Here’s an example to illustrate: Suppose you deposit \$1,000 in a savings account that pays 5% interest, compounded annually. After one year, you would earn \$50 in interest (\$1,000 x 0.05 = \$50). In year two, you would earn 5% of not just the original \$1,000 principal but also of the first year’s \$50 in interest, for a total of \$52.50 in interest for that second year (\$1,050 x 0.05 = \$52.50). And so it goes: In year three you would earn 5% of \$1,102.50 and so on.

As this example shows, each subsequent year’s earnings are greater than the last because they are based on a larger balance — your original deposit plus all the accumulated past interest. The effect is that your money grows at an ever-accelerating rate.

### Fixed Interest

With a fixed interest rate, your repayments will stay the same for the life of the loan, even if interest rates rise. You’ll have certainty about your repayments and you’ll know exactly how much you need to budget for.

### Variable Interest

With a variable interest rate, your interest rate can go up or down over the life of your loan. Your monthly repayments will usually stay the same, even when the interest rate changes.

With a variable interest rate loan, you take on more risk because your repayments could go up if interest rates rise. But you could also save money if rates fall.

## How Banks Charge Interest on Loans

Interest is the cost of using someone else’s money. When you borrow money from a bank, they charge you interest. The amount of interest you pay depends on how much money you borrow, the term of the loan, and the interest rate. The interest rate is the percentage of the loan that the bank charges you for borrowing the money.

## The Interest Rate

In order to loan money, banks charge interest. The Annual Percentage Rate (APR) is the amount of interest that the bank charges on a loan, expressed as a percentage of the loan amount. The APR includes the interest rate and any other fees that may be charged by the bank, such as points or loan origination fees.

What’s important to understand about APRs is that they are almost always higher than the stated interest rate on a loan. That’s because in addition to the stated rate, APRs also include fees that may be charged by the lender. These fees can add up, and they’re not always easy to spot when you’re shopping for a loan.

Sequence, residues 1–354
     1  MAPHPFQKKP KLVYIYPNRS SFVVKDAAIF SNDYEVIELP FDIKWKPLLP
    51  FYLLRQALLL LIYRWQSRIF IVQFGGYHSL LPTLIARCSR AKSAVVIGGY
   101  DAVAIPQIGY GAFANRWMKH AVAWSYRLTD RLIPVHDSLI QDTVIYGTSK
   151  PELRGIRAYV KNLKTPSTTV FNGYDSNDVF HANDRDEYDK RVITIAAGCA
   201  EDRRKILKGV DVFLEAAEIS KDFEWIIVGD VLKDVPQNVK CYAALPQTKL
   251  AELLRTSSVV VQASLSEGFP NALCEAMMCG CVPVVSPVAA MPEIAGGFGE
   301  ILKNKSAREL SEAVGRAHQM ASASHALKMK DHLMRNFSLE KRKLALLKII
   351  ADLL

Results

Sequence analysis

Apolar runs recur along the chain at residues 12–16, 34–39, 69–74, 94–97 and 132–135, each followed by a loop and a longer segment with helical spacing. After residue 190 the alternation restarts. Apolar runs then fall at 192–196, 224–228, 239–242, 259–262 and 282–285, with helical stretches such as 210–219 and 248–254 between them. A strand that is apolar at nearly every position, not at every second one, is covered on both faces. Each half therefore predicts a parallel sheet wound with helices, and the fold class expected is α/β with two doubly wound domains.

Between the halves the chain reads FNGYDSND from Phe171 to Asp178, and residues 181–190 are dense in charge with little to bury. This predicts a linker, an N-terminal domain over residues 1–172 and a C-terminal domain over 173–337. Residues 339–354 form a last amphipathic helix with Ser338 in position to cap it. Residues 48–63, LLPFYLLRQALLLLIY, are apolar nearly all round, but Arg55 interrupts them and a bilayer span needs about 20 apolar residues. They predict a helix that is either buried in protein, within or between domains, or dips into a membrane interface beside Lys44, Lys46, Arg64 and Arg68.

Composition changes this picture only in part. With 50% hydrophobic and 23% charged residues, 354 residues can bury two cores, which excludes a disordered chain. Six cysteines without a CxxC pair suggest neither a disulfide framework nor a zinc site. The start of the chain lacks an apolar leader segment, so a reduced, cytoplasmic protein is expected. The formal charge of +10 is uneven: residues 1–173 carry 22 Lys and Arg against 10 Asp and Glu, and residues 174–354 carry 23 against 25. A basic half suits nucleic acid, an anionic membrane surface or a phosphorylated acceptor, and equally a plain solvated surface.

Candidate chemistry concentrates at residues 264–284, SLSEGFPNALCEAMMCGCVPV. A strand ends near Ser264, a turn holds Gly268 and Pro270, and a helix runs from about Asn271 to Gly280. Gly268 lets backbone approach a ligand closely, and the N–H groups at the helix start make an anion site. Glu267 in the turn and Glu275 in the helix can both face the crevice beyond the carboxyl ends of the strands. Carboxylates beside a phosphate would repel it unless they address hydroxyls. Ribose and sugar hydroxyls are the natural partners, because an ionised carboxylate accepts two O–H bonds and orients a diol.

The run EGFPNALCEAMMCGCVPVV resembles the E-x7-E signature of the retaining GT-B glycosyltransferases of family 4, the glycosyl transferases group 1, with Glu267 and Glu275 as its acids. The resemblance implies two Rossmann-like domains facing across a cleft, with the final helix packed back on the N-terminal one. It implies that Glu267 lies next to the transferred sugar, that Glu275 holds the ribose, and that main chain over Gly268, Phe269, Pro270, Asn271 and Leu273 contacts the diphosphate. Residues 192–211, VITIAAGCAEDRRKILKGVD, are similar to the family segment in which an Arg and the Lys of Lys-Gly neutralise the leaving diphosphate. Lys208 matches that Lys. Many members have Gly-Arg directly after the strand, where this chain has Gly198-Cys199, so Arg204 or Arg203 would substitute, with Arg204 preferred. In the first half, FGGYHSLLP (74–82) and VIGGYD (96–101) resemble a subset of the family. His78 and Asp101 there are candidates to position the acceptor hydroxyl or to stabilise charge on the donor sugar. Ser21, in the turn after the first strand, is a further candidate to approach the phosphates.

Here’s an example: let’s say you’re considering two different loans, one with an APR of 6% and one with an APR of 10%. At first glance, it might seem like the 6% loan is a better deal because it has a lower interest rate. But if the 6% APR includes points and origination fees that total \$1,000, then your actual interest cost for the loan will be much higher than 6%. In this case, the 10% APR loan would actually be cheaper overall.

When you’re shopping for a loan, it’s important to look at more than just the interest rate. Be sure to ask about any fees that may be charged and compare APRs before you make a decision.

## The Loan Term

The length of the loan term is the number of years the loan is scheduled to be paid over. The most common loan terms are 15 years and 30 years. Some loans may have 10-year, 20-year, or 40-year terms, but these aren’t as common.

The longer the loan term, the lower your monthly payment will be because you’ll spread out your loan balance over a longer period of time. But keep in mind that with a longer loan term you’ll also pay more in interest overall because you’re borrowing the money for a longer period of time.

## The Loan Amount

The loan amount is the total amount of money you borrow from the bank. The interest rate is the percentage of the loan amount that you pay back to the bank in addition to the original loan amount. The term of the loan is the length of time you have to pay back the loan, and the payments are usually made on a monthly basis.

## Conclusion

In conclusion, it’s important to remember that all banks are different and charge interest in different ways. Be sure to ask about how your bank charges interest on loans before you take one out.